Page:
Crisis Text Line Raises $23.8 Million

Following the lead of tech startups, the not-for-profit has created an innovative way to fundraise, securing funds in the style of a Series B Round investment.

Funds were granted by tech powerhouses Reid Hoffman, Melinda Gates, The Ballmer Group, and Omidyar Network

NEW YORK, June 16, 2016 – Crisis Text Line, the free, 24/7 support line for people in crisis via text, today at Wired Business Conference announced it has raised $23.8 million from tech titans Reid Hoffman, Melinda Gates, The Ballmer Group, and Omidyar Network. Following the lead of tech startups, the not-for-profit has created an innovative way to fundraise, securing funds in the style of a Series B Round investment.

“There is no equity; no possibility of a liquidity moment. Crisis Text Line is a tech startup, so it makes sense for us to fundraise like one,” said Nancy Lublin, Founder and CEO of Crisis Text Line. “The amount raised and the caliber of the people we attracted underscore the quality of what we’re doing.”

“Like other tech start ups, Crisis Text Line has demonstrated accelerating growth, and this funding will enable it to scale rapidly to deliver its critical services to many more in need,” said Reid Hoffman, founder of LinkedIn and tech investor.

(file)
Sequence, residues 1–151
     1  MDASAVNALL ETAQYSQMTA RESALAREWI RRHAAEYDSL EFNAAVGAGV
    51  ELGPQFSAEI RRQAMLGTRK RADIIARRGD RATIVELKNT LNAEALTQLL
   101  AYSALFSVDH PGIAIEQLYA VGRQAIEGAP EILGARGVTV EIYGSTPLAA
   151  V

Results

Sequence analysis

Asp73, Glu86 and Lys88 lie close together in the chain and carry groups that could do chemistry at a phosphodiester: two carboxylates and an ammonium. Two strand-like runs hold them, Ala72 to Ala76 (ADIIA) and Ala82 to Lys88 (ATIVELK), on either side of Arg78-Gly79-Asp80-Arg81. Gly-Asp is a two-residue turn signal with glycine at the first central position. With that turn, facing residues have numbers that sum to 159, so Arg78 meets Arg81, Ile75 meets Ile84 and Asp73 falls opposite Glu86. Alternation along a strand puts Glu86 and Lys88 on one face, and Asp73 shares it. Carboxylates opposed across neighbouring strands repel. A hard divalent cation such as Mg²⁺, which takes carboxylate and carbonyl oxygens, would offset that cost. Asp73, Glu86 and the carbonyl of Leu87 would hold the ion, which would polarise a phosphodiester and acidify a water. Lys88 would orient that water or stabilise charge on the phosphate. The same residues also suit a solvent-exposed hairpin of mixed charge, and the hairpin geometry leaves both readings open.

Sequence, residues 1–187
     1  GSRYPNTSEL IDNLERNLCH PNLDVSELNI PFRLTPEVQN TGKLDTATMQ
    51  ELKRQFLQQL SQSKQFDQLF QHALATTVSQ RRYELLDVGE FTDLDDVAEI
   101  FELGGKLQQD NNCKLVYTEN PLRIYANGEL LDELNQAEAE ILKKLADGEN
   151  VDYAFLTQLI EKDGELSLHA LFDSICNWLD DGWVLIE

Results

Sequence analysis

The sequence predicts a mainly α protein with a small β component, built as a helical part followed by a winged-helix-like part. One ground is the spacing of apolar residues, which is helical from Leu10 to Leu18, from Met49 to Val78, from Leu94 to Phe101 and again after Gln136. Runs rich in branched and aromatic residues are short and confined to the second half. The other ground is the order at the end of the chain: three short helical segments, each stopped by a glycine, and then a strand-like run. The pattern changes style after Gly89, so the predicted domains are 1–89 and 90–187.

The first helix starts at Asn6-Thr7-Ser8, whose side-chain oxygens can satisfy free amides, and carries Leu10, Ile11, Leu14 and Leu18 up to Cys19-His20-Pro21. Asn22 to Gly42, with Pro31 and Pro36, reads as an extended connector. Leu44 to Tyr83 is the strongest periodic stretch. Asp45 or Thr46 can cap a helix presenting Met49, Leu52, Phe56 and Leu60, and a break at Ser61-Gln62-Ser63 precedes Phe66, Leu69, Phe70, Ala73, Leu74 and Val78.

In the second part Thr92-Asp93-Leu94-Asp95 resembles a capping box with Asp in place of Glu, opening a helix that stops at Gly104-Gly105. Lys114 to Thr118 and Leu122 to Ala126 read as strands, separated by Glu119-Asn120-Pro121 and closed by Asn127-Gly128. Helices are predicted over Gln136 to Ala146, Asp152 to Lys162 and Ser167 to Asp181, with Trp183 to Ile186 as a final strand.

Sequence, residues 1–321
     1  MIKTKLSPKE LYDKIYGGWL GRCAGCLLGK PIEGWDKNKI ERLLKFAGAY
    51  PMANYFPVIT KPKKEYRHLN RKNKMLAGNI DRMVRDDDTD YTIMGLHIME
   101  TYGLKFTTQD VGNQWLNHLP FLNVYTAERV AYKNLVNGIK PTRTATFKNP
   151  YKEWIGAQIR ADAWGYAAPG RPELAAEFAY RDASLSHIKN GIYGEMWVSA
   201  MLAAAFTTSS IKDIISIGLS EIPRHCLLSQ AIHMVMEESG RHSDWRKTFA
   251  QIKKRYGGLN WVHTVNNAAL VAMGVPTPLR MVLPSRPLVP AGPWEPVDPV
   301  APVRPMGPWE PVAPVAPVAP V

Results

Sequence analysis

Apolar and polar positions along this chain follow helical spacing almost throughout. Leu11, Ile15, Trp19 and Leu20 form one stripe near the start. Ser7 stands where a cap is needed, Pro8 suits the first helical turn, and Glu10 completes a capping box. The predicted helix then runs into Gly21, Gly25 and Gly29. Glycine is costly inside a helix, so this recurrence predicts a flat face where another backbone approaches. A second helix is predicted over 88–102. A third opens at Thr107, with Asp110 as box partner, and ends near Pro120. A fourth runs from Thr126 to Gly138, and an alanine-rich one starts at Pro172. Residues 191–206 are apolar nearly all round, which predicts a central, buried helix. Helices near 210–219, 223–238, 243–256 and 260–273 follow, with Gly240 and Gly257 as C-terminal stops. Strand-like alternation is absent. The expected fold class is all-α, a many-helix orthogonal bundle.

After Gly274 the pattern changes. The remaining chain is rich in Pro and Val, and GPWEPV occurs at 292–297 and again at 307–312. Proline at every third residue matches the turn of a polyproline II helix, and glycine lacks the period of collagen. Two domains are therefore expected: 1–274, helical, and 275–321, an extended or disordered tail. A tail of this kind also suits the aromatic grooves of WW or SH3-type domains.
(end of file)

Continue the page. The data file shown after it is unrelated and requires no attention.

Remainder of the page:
The round was led by Hoffman, followed by Melinda Gates, The Ballmer Group and Omidyar Network. Additional funds were granted by the John S. and James L. Knight Foundation, Craig Newmark (founder of Craigslist and Craigconnects), Mark & Ali Pincus, Anne Devereux-Mills, Joe & Suzy Edelman, Amy & Rob Stavis, and an anonymous donor.

 “Crisis Text Line is shaping a new understanding of mental illness in our country by helping people where they are: on their mobile phones,” said Shripriya Mahesh, partner, Omidyar Network. “We are impressed by the organization’s impact so far and excited to renew our commitment to its growth, so it can continue to connect with people at the times they need it the most.”

While the funds raised are unrestricted, Lublin notes the focus on three main initiatives:


  • Crisis Text Line has a community of over 1,500 volunteer Crisis Counselors. In the next two years, the organization plans to grow to more than 4,000 Crisis Counselors.
  • The organization plans to hire more developers to build smart products and programs to support their Crisis Counselor community.

Messaging apps

  • YouTube is Crisis Text Line’s earliest tech partner and has worked over the past year to provide support to users searching for self harm, suicide and depression related content through the innovative use of YouTube’s Crisis One Box. The partnership has had profound impact and since implementing the Crisis One Box it has saved numerous lives. “Crisis response is a priority for us at YouTube, and we couldn’t be happier with our partnership with Crisis Text Line. Thanks to our collective work, YouTube’s Crisis One Box is saving lives. We hope to continue creating important resources for people in need,” said Julia Paige, Director YouTube for Good.